Diagnosing young onset Alzheimer’s disease can be difficult. Doctors usually don’t consider the disease in younger people. Symptoms can be incorrectly attributed to stress or there may be conflicting diagnoses from different healthcare professionals. People who have early-onset Alzheimer’s may be in any stage of dementia – early stage, middle stage or late stage. The disease affects each person differently and symptoms will vary.
The 10 warning signs of the disease are listed below and are taken from the Alzheimer Society Canada website:
- Memory loss affecting day-to-day abilities – forgetting things often or struggling to retain new information.
- Difficulty performing familiar tasks – forgetting how to do something you’ve been doing your whole life, such as preparing a meal or getting dressed.
- Problems with language – forgetting words or substituting words that don’t fit the context.
- Disorientation in time and space – not knowing what day of the week it is or getting lost in a familiar place.
- Impaired judgment – not recognizing a medical problem that needs attention or wearing light clothing on a cold day.
- Problems with abstract thinking – not understanding what numbers signify on a calculator, for example, or how they’re used.
- Misplacing things – putting things in strange places, like an iron in the freezer or a wristwatch in the sugar bowl.
- Changes in mood and behavior – exhibiting severe mood swings from being easy-going to quick-tempered.
- Changes in personality – behaving out of character such as feeling paranoid or threatened.
- Loss of initiative – losing interest in friends, family and favorite activities.
If you are experiencing memory problems:
- Have a comprehensive medical evaluation with a doctor who specializes in Alzheimer’s disease. Getting a diagnosis involves a medical exam and possibly cognitive tests, a neurological exam and/or brain imaging. Reach out to your provincial Alzheimer’s Society.
- Write down symptoms of memory loss or other cognitive difficulties to share with your healthcare professional.
- Keep in mind that there is no one test that confirms Alzheimer’s disease. A diagnosis is only made after a comprehensive medical evaluation
September Is Also Prostate Cancer Awareness Month.
Prostate cancer is the most common cancer in Canadian men. Many older men have this disease without knowing it. It usually grows slowly and can often be completely removed or successfully managed when it is diagnosed. While a cancer diagnosis can be scary, prostate cancer has high survivor rates, especially when it is caught and treated early.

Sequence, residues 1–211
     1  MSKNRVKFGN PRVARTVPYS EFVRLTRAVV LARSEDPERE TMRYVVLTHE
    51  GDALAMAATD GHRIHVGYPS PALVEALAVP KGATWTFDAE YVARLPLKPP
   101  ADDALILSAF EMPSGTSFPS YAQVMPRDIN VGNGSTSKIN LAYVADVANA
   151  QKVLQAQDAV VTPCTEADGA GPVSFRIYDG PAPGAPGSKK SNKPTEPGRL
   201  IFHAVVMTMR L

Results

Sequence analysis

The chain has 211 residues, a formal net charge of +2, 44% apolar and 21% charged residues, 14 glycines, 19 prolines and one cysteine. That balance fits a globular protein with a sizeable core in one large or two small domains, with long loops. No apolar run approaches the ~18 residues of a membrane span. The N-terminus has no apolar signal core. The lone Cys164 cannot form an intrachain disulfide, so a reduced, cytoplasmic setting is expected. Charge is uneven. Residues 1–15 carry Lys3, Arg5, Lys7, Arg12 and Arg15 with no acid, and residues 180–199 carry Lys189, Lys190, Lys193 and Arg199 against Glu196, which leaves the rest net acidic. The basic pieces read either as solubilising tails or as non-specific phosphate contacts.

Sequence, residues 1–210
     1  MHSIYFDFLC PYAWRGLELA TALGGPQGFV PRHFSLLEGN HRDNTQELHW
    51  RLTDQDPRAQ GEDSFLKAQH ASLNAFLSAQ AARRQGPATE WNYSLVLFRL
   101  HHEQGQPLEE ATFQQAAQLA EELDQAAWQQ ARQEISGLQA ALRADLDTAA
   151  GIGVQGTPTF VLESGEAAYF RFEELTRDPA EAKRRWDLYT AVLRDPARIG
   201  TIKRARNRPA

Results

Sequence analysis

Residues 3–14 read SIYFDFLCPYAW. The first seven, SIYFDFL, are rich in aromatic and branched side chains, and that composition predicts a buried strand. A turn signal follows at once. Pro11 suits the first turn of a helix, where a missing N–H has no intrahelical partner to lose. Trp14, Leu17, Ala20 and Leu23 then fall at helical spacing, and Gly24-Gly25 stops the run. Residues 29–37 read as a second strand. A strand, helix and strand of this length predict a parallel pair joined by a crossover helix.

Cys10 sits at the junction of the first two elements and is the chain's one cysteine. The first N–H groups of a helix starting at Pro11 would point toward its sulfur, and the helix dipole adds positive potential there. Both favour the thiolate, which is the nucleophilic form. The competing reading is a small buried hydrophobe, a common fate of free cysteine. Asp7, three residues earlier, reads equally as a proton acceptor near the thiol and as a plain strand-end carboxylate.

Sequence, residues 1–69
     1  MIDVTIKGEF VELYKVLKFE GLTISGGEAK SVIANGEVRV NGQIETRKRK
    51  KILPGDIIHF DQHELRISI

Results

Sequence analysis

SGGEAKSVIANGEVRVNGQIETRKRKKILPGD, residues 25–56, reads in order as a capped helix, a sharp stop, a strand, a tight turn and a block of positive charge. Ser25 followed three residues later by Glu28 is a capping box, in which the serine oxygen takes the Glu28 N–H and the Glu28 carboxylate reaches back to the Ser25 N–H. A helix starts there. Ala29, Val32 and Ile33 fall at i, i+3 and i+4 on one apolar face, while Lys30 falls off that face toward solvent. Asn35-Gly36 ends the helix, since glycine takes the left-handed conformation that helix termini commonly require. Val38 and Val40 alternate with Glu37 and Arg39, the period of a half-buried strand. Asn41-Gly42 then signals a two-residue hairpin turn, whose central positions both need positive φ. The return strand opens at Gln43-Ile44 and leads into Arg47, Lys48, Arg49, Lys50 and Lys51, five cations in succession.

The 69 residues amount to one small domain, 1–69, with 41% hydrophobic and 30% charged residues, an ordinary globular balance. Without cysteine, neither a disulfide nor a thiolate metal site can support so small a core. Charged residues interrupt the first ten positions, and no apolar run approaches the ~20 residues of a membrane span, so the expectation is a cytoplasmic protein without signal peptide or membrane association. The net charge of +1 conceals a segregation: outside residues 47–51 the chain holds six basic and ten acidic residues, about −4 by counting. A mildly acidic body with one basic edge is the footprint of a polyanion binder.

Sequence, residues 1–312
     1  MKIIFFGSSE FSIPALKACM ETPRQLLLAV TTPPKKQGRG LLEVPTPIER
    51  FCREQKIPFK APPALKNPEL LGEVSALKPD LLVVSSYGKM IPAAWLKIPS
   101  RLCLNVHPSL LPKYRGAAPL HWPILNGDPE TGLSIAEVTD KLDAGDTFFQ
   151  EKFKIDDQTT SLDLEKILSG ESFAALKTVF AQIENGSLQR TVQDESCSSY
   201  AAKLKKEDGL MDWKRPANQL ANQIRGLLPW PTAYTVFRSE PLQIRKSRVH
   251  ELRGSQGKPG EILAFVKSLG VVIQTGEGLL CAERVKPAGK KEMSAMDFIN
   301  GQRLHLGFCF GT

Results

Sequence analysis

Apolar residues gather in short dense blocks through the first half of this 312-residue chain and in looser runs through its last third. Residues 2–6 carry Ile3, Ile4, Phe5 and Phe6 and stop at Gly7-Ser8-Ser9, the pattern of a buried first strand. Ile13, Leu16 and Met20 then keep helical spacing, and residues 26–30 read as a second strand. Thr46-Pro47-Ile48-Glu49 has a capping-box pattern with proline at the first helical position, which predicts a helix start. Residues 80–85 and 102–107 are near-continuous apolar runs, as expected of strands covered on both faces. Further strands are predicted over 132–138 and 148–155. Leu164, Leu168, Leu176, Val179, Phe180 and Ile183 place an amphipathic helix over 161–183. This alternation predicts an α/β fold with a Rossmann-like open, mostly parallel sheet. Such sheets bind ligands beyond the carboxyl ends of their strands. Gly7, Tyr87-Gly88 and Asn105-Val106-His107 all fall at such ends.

Routine screening has improved the diagnosis of prostate cancer in recent years. Men over the age of 50 should talk with their doctor about whether they should have testing for early detection of prostate cancer. Men with one or more risk factors should consult a doctor about whether to begin screenings earlier, before age 40. Known risk factors for prostate cancer are family history, race and a diet high in saturated fat and red meat.
The following tests may be used to help detect prostate cancer early:
- Direct Rectal Examination
- Prostate Specific Antigen (PSA).
Although PSA test may not be perfect, Prostate Cancer Canada insists that it is the best indicator in clinical practice and an important red flag to show that something may be wrong. It recommends that men in their 40ies get a PSA test to establish their baseline.
So what is PSA and why is it used? Prostate Specific Antigen (PSA) is a protein produced within the prostate gland and is secreted into seminal fluid. The PSA test is a simple blood test. It measures the level of PSA in the blood. An elevated level of PSA may be a sign of prostate cancer. However, a high reading of PSA may also indicate non-cancerous conditions such as inflammation and enlargement of the prostate.
No single normal level has been established. Historically, a level of 4.0 ng/mL or higher was used to justify a biopsy of the prostate (a sample of prostate tissue) to try and determine if a man has prostate cancer. However, this practice has been changing and other factors are being considered in the decision to perform a prostate biopsy.
Prostate cancer has been detected in men with levels less than 4.0 ng/mL. And many men with PSA levels higher than 4.0 ng/mL do not have prostate cancer. There is no PSA level below which the risk of cancer is zero. Two men with the same PSA level may have very different risks of prostate cancer depending on other risk factors.
Common signs and symptoms of prostate cancer are:
- Burning or pain during urination
- Difficulty urinating, or trouble starting and stopping while urinating
- More frequent urges to urinate at night
- Loss of bladder control
- Decreased flow or velocity of urine stream
- Blood in urine (hematuria)
If you or your loved one are experiencing any of these symptoms ensure you raise the question of prostate cancer possibility with your doctor.